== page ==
A long time ago, the idea of a person becoming addicted to gambling like a person becomes addicted to drugs or alcohol was a controversial subject. In some instances, gambling is not a full on addiction yet in others it becomes an uncontrollable urge which cannot be stopped without therapeutic intervention. Learn the true reality of online gambling addiction and how to seek help if gambling has become a problem.


Pathological Gambling

In the past, pathological gambling was more of a compulsion than addiction, primarily motivated by relieving anxiety as opposed to craving intensely pleasurable feelings. Four in five Americans say gambling has happened at least once but when people do not need to leave the house to gamble anymore, the stigma is lowered and inhibitions fall by way of an internet connection. Nearly two million people in the United States are suspected of having a gambling addiction.


Neuroscience of Gambling

A series of circuits in the cranium known as the reward system link memory, movement, pleasure and motivation. When people engage in activities which produce a reward, the individual will continually seek the pleasurable activity to produce more of the reward. People with addiction build tolerance to a drug, needing more of the “drug” (gambling, in this case) in larger amounts or withdrawal occurs. Pathological gamblers and people with drug addiction share many genetic predispositions for impulsivity and reward seeking behavior. Compulsive gamblers will seek riskier ventures and continually higher stakes. A new understanding of compulsive gambling is helping scientists redefine addiction itself and its impact on the brain and body.


Seeking Help

Anything a person does alters the brain. Physical changes can occur which alter a person’s perception of an experience and keep the individual locked into addiction. The following are some ways that people with gambling addiction have been helped.

Medication and Therapy

Therapists now believe pathological gamblers respond better to medication and therapy mostly used in addictions rather than strategies to change compulsions. Certain antidepressants may alleviate symptoms of impulse-control disorders but have not worked well for pathological gamblers. Medications used to treat substance abuse addictions seem to work more effectively.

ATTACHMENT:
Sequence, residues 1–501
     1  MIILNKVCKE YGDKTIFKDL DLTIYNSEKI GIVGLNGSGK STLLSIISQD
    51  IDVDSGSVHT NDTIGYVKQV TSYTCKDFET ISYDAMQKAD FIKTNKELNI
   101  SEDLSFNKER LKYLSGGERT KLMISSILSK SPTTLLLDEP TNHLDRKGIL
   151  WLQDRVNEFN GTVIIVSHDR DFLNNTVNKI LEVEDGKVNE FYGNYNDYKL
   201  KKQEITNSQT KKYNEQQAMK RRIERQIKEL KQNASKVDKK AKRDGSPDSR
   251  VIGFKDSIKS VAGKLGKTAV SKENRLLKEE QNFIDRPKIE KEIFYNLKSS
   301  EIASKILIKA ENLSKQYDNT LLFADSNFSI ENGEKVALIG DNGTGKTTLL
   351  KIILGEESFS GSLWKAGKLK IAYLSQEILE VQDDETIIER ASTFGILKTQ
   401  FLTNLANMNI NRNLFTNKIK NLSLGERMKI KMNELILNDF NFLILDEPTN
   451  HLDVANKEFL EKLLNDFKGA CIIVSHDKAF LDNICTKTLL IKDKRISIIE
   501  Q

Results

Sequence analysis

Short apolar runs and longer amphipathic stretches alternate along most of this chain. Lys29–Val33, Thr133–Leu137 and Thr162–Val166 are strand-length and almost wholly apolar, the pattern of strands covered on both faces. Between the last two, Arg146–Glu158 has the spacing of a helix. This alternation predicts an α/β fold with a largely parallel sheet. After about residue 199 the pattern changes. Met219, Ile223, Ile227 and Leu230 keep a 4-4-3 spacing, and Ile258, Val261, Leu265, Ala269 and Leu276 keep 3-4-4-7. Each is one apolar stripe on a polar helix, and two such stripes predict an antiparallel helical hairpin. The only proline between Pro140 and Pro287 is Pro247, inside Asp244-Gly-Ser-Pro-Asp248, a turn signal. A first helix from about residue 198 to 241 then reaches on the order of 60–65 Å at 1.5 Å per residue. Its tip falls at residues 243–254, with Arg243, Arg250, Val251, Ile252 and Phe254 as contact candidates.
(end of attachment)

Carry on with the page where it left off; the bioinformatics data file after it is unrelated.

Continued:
Cognitive Behavioral Therapy

People who learn how to resist unwanted thoughts and habits can be successful in kicking an online gambling addiction. More than 80 percent of people with gambling addiction never seek treatment. Of those who do, up to 75 percent return to the habit.  Learning how to resist temptation, putting it into practice and sticking with therapy can be helpful but is not a panacea for addiction to gambling.


Gamblers Anonymous (GA) and other community support groups can be helpful in providing a safe space to talk about addiction to gambling in a nonjudgmental place. A person with gambling addiction can speak openly, receive support and find ways that work for the individual to finally be free of addiction.

Gambling addiction can have serious financial and personal repercussions. If you are spending more money than you are able to on gambling or cannot control the urge to gamble on or offline, it may be time to seek help. Call Hired Power to see how we can help transform your life and help you kick addiction.